It's certainly not my job to prove some voluntary method of securing a right to life is possible.  That's your claim and responsibility to provide evidence for that isn't inevitably contradicted by what follows such experiments with freedom from government and the taxes that fund it.  Let me know if you ever get around to addressing that.  You might begin by distinguishing the moral consequences of not doing what you "should and would" with taxes as opposed to, oh I dunno, say an insurance policy?

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The two of you have obviously thought about this a lot and are very passionate about it.  Instead of telling us how voluntary funding will not work, how about you put that passion to work in coming up with some ideas to come as close as possible?

 

Did it ever occur to you to find the line and work towards that?  Instead of saying no, you say yes "but I think we have to draw the line here".  I think if you laid out that line everyone here would agree it would certainly be better than where we are at right now.  Possibly, through the process, with the largely tax free society and the minimum forced taxation you advocate, others can help improve upon the model to take it the rest of the way (or even prove you right).

 

I mean, we agree on a lot here actually so moving the conversation to what we can do might really open up the concept.  

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OK DA, let's question the argument instead as you suggest:

 

"Again, my point is that the whole "confiscation/redistribution of wealth" argument is a misrepresentation of what taxation does.  Your wealth isn't confiscated or redistributed in matters of payment of debt.  This is money you owe for services rendered..."

 

A services is something I choose to purchase. I do not choose to be taxed.

 

...

 

Is it not a fact that your first payment followed your first purchase?  Did someone hold a gun to your head forcing you to be a consumer??

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The two of you have obviously thought about this a lot and are very passionate about it.  Instead of telling us how voluntary funding will not work, how about you put that passion to work in coming up with some ideas to come as close as possible?

 

Did it ever occur to you to find the line and work towards that?  Instead of saying no, you say yes "but I think we have to draw the line here".  I think if you laid out that line everyone here would agree it would certainly be better than where we are at right now.  Possibly, through the process, with the largely tax free society and the minimum forced taxation you advocate, others can help improve upon the model to take it the rest of the way (or even prove you right).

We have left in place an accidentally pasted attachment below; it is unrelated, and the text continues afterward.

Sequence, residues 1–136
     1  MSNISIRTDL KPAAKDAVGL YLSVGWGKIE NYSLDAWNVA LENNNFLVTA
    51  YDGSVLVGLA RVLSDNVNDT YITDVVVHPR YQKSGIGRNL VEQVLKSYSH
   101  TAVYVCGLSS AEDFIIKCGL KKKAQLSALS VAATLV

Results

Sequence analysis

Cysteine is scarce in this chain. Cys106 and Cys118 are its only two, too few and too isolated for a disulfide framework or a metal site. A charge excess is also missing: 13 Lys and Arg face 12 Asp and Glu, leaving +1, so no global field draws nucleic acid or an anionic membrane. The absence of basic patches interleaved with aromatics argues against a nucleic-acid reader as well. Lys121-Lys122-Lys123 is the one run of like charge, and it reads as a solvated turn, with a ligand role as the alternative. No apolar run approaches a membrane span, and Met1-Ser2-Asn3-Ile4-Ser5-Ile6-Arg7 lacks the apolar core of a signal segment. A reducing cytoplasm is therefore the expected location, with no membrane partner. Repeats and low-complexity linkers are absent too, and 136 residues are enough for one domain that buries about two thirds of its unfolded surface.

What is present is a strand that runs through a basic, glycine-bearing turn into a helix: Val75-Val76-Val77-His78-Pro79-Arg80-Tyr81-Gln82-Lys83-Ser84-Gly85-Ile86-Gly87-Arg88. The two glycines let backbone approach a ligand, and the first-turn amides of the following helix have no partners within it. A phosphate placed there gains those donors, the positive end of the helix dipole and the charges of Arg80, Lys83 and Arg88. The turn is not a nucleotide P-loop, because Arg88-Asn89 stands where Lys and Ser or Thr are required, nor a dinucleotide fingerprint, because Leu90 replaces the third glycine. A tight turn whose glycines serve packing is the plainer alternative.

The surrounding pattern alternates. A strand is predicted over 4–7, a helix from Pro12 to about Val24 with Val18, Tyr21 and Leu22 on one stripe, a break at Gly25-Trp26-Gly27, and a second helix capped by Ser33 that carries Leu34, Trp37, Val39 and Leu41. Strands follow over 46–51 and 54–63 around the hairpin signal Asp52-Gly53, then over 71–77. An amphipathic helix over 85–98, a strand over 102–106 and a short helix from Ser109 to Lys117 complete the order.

I mean, we agree on a lot here actually so moving the conversation to what we can do might really open up the concept.  

 

Good advice.  I suggest moving the line beyond the presumption that taxes are evil just because they happen to be what got us to this point.

 

I think everyone here can agree that doing what one "would and should" do regarding payment for services rendered means pay for what you get, or at least, you get what you pay for.  Not to speak for CrowEpistemologist, but implying that you can receive security for a right to life and choose not to pay for it, as the term voluntary is understood to mean, is a nonstarter.

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Working with your premise that everyone needs government and life without government isn't worth living, so much so that we should force everyone to pay for government for his own good, is it safe to assume that you believe most people will come to understand this same viewpoint? If so, would most people then want government? If so, wouldn't non-payers be the minority?

If so, are you saying that forcing the majority to pay whatever is mandated to them is worth violating their rights through force, so that the minority don't violate the rights of the paying majority, by not paying?

Do you not see the cotradition of banding together with the purpose of protecting each individual's right to his own life, all the while violating that same principle by making him band together against his will?

Edited by JASKN
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  Not to speak for CrowEpistemologist, but implying that you can receive security for a right to life and choose not to pay for it, as the term voluntary is understood to mean, is a nonstarter.

This conjures images of Washington, Jefferson, Paine, - who originally purchased their freedom, and if you ask me, it was done so, in part, voluntarily. The only involuntary part I see in that equation is what drove them from without to drive them from within.

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Do you not see the cotradition of banding together with the purpose of protecting each individual's right to his own life, all the while violating that same principle by making him band together against his will?

Not to derail the topic, but the tying in with American history, I've seen plausible argument that the south was made to band together against theirs via the Civil War. Albeit, I've recently heard a plausible case for the other side of that as well.